This Is How Intel's Next Generation Of CPUs Will Kill The Desktop PC

Reading about new CPU developments reminds me of a story by Steven Milhauser involving a maker of miniatures who crafts perfectly detailed objects at increasingly microscopic scales until he has constructed an entire kingdom invisible to any observer.

“Didn’t logic itself demand that the downward series be pursued? At this thought he felt a deep, guilty excitement, as if he had come to a forbidden door at the end of a private corridor and heard, as he slowly turned the key, a sound of distant music.”

Intel’s Developer Forum this year was all about the miniature. Desktops were acknowledged like the old opinionated grandfather at the table, and it was clear Intel was instead gunning to command the mobile market.

Brian Krzanich
(Intel CEO Brian Krzanich. Image via Intel)

“Our strategy is very simple. Our plan is to lead in every segment of computing.” Intel CEO Brian Krzanich

The biggest chips they talked about were the 22nm Haswells for the next line of Chromebooks and the Atom Z3000 “Bay Trail” series, based on the Silvermont architecture. The Bay Trails are the first Atoms made with the 22nm process, and while Intel has mentioned their potential use in desktops and laptops they made it pretty clear the target market is tablets and 2-in-1 devices. The top-end of the tablet iteration of the Bay Trail, the Atom Z3770, is a dual-channel quad-core chip that can run clock speeds up to 2.4 GHz and support resolutions up to 2560 x 1600. No third-party benchmarks have been completed but Intel’s demonstration at the IDF, which pitted a device equipped with a Bay Trail chip against another using Clover Trail, showed this new SoC as significantly faster and more efficient than the older model. It puts out lower thermals and so allows for fanless devices, and its burst mode increases clock speed to complete tasks faster and enable the device to idle sooner — all of this resulting in an active battery life of 10 hours and three weeks on standby.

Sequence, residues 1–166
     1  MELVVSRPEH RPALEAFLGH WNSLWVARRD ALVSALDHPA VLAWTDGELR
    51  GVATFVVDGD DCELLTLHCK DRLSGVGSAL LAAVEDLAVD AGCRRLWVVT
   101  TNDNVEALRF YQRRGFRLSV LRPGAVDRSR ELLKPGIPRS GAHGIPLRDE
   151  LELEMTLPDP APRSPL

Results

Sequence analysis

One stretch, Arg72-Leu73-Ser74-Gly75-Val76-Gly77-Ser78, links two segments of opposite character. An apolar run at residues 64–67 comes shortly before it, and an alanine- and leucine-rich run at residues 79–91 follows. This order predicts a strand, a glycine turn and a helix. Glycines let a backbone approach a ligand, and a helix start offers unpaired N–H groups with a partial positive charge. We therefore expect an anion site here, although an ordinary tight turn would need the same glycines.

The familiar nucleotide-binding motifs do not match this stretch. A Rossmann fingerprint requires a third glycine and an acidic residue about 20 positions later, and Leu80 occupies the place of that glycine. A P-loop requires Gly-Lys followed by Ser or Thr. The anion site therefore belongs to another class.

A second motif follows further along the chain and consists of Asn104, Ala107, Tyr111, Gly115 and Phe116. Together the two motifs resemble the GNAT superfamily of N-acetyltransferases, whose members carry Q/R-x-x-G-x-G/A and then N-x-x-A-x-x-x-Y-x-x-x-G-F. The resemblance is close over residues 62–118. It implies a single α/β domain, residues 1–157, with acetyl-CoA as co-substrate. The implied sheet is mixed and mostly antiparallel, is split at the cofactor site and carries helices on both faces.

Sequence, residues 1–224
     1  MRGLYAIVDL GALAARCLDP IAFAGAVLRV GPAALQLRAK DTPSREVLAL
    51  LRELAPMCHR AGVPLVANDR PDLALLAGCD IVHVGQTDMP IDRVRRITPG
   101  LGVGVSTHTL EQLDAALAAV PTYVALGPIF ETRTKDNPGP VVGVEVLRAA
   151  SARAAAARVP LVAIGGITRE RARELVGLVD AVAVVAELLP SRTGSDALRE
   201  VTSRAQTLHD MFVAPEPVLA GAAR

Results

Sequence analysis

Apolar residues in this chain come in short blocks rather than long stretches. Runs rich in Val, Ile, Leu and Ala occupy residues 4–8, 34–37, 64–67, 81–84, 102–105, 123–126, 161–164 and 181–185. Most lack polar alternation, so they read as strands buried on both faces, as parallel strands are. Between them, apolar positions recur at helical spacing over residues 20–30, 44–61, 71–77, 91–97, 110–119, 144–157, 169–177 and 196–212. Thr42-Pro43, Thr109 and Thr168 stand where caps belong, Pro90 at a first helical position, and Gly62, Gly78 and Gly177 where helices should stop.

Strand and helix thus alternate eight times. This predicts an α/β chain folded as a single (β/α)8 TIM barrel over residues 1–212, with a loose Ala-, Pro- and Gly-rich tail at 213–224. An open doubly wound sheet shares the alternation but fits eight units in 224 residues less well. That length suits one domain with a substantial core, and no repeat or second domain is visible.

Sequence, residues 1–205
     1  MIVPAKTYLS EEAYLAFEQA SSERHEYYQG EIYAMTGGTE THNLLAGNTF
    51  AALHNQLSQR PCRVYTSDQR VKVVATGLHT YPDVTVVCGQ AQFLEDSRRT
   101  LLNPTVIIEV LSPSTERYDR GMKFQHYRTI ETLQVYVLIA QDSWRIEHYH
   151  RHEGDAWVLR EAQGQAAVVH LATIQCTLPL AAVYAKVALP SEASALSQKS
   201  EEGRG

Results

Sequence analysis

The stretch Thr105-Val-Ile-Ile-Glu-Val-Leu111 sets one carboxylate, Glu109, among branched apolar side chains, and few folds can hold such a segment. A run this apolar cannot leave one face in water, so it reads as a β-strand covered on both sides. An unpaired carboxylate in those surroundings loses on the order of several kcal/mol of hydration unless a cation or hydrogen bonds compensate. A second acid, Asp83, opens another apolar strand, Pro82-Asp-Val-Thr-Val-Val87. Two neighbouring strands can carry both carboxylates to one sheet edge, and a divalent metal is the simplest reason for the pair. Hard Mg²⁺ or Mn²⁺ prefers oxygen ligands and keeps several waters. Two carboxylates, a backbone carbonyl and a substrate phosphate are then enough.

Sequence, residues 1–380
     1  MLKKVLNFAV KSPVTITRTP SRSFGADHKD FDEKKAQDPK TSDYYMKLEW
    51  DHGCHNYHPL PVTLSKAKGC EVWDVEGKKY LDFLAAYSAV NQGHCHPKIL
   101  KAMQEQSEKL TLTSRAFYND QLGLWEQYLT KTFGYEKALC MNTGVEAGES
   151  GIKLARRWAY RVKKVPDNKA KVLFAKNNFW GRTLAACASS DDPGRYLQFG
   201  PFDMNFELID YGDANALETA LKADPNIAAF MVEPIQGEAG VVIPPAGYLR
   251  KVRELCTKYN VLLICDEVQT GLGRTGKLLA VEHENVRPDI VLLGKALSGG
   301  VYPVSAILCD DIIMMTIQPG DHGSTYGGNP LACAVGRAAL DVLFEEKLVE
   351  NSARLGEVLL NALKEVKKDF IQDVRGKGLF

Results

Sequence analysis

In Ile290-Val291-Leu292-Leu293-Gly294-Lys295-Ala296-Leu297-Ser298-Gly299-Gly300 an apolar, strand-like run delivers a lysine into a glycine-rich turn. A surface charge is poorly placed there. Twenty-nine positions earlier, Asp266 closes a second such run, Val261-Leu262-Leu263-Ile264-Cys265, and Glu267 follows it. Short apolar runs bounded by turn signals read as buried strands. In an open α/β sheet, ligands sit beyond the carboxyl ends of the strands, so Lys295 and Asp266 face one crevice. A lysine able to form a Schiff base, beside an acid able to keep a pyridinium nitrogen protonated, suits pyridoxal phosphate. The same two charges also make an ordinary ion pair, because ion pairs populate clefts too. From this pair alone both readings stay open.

More remarkable, given this and the $199 price tag, is that this chip can handle gaming, 4K video playback and graphics editing. Four threads and the 2MB L2 cache allow multi-tasking and content creation, meaning photo and video editing will become more reasonable tasks on tablets. With Intel promising 64-bit support in 2014 the Bay Trail is set to improve tablets’ usability and may even see wider acceptance for 2-in-1s.

Intel Haswell
(A Haswell chip. Image via Intel)

AMD wasn’t mute during Intel’s biggest event of the year. After handing out “chips” they announced the Elite Mobility A4-1350 Quad-Core APU aimed at small-screen touch notebooks, tablets and hybrids. This chip combines the Jaguar x86 CPU cores with AMD Radeon HD 8000-series graphics and features up to 1GHz CPU clock speed, 300MHz GPU clock, 128 Radeon cores, 4MB of L2 cache and max DDR3-1066 — all of this while drawing 3 watts of power under average use, an 8W TDP and up to 12 hours resting battery life. Other devices are already using AMD’s Elite Mobility line of chips, including the HP Pavilion 11 Touchsmart and the Acer Aspire V5, though this chip will ship in October for devices measuring 13 inches and under.

Intel’s other offerings at the 2013 IDF were even smaller. The new Broadwell chips for laptops, which will ship in the second half of 2014, stock 14nm transistors while offering a 30% power improvement over the current generation of Haswells, a 1/3 improvement in battery longevity and a power draw of 4.5 watts, meaning Broadwell laptops can go fanless.

Quark
(The Intel Quark. Image via Intel)

But Intel didn’t stop there. They announced a new chip aimed at wearables called Quark, an SoC that, at 1/5 the size of Atom cores, is the smallest silicon yet. Also stocking 14nm transistors, the Quark consumes just 10% of the power of an Atom chip but boosts performance by over 30%. Intel CEO Brian Krzanich is expecting this chip to make the “Internet of Things” an actuality.

This laser-like focus on mobility might eventually see desktops increasingly used only by enthusiasts as smaller options offer sufficient and efficient power for the mainstream. Though still undeveloped, wearable technology has the potential to usurp and completely change our relationship with computing as we do it today.

We’re heading down a path with little insight into the consequences, though I think now the temptation to continue is greater than any desire to pause and reflect. At the end of the Milhauser story the miniaturist is at work on his invisible kingdom, having been shunned by the king and the kingdom and realizing “that by venturing beyond the visible world he had embarked on a voyage more perilous than he had known.

“…as he sank below the crust of the visible world, into his dazzling kingdom, he understood that he had travelled a long way from the early days, that he still had far to go, and that, from now on, his life would be difficult and without forgiveness.”

 

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